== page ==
Products have become relational in a way, because they live in a universal environment. It becomes more about what this thing is in relation to other things and other people. Maybe someone never even tastes your wines, but they feel they relate to it somehow because they’ve seen this person taste it, they’ve seen it in this restaurant, or whatever.

Anders: Yeah. But the non-real reality is a real thing even though it isn’t real. We also know we want to put our wines in certain restaurants—not in the hands of certain people, we don’t pay attention to that. But I pushed very hard in the beginning to create this interest. But how do I say? The way people create a relationship is also a two-way thing, because wines have no value if people don’t relate to them in return. They only become interesting when people start to take them in emotionally or flavour-wise. If they don’t like them, if they find them boring, they become just another wine. Once they start to activate some kind of emotion, it becomes interesting. That’s where it becomes like music or art or architecture—we can listen to music and it’s just a piece of music, or we can listen to music and we start to cry. With wine we rarely start to cry, but we—

Depends how many glasses you’ve had.

Anders: True.

Apartamento Magazine - Anders Frederik Steen
Apartamento Magazine - Anders Frederik Steen
Apartamento Magazine - Anders Frederik Steen
Apartamento Magazine - Anders Frederik Steen

Let’s jump back a little. You were cooking, and then you wanted to complement your cooking experience by training as a sommelier. What pushed you to do that in the first place?

Anders: I wanted to be a better chef than all the others. Everybody else was going to Arzak, El Bulli, all these things in Spain. I thought if everybody’s going and I go too, I’ll just be one of the other guys. Wine interested me, so I thought, ‘OK, I’ll take one or two years and see what it brings me’, then I can go back and cook. But the wines just simply grabbed me.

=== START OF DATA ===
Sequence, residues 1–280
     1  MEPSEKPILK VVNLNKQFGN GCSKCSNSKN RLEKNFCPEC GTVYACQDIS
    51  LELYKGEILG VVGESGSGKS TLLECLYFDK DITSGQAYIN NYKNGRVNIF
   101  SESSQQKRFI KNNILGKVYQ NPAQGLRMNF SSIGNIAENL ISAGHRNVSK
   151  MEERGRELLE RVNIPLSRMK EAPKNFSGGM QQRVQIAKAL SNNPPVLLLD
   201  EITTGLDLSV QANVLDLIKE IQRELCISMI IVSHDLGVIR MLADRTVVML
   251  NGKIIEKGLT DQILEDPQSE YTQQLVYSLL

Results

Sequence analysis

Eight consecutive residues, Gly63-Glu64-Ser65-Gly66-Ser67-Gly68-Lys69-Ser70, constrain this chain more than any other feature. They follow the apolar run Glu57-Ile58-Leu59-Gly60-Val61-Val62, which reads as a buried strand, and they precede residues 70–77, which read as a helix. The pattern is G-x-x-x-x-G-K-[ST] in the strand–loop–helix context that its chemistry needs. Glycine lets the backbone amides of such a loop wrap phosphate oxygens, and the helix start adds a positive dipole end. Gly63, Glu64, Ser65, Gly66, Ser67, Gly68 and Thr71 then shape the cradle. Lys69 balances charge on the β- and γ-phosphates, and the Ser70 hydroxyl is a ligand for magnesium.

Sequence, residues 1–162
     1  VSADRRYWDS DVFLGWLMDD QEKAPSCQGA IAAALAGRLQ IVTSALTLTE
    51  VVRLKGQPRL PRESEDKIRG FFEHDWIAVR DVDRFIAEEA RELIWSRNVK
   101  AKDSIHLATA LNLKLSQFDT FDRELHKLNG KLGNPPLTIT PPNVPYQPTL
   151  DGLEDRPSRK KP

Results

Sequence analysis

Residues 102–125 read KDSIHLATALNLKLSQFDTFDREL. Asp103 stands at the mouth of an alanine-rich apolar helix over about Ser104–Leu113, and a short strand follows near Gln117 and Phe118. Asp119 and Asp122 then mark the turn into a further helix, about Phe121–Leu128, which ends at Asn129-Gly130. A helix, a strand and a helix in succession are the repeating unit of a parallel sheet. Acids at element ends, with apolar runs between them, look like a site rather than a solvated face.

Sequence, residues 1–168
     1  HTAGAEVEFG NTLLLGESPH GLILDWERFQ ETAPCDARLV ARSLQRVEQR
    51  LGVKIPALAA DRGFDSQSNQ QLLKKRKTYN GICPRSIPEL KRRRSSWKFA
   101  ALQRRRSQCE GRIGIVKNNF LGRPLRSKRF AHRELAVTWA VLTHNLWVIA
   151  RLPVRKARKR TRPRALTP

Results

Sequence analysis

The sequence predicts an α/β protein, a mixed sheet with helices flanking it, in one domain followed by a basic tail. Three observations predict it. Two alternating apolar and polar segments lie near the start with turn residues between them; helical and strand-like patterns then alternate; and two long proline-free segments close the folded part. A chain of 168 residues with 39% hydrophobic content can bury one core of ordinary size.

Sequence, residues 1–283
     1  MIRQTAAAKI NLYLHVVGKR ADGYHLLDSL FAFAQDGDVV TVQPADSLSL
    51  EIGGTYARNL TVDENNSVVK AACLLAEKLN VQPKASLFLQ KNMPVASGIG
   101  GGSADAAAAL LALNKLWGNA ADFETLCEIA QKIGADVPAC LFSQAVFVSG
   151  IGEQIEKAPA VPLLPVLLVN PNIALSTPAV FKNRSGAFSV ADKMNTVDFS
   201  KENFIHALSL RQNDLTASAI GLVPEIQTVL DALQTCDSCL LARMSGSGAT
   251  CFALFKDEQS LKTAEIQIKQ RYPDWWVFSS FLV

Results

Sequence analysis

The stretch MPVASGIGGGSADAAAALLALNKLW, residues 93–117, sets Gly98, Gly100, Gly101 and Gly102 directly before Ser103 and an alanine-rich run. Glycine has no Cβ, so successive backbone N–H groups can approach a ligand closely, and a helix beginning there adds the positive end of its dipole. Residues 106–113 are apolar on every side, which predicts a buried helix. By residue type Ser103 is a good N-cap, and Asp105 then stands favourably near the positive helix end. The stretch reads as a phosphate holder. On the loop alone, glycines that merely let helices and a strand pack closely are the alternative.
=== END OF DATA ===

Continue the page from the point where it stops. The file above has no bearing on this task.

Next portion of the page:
And after leaving Noma you opened Relæ together with a few colleagues?

Anders: You can imagine, you’re two young sommeliers who’ve been working at Noma with all that pressure; we created Relæ to be independent and free. Very fast, we realised that we’d be under the same pressure, but we started out with the idea that we shouldn’t gain a Michelin star, we shouldn’t have ambitions to be on the 50 Best Restaurants list. All these things that come with running a top restaurant like Noma, we wouldn’t be a part of it. At the same time, we were two young guys without our maître sommelier to calm us down—that’s not the right word—but in the beginning it became too much, I know. It was too much teenage revolution and too little wine menu.

The clients were also saying, ‘What is this?’

Anders: The clients were lost, but they went to have a good night out, so they were normally very happy. But I think I experienced it more as industry people that either didn’t like it or found it too strange. The criticism from those guys, or colleagues, was tough. But at the same time, I see now that people are moving in the same direction.

Anne: It’s funny because Relæ and Manfreds had success from day one. They never had an empty restaurant, not one evening. There were people criticising it, but I also think sometimes that’s an image of the restaurant business turning against its own people, because there’s so much competition and jealousy in restaurants, too. There was a lot of criticism, but people were still coming. Of course when you open something that is so different, you’re sensitive as to whether people like it or not. People saw them as new players, and everybody was like, ‘What the?’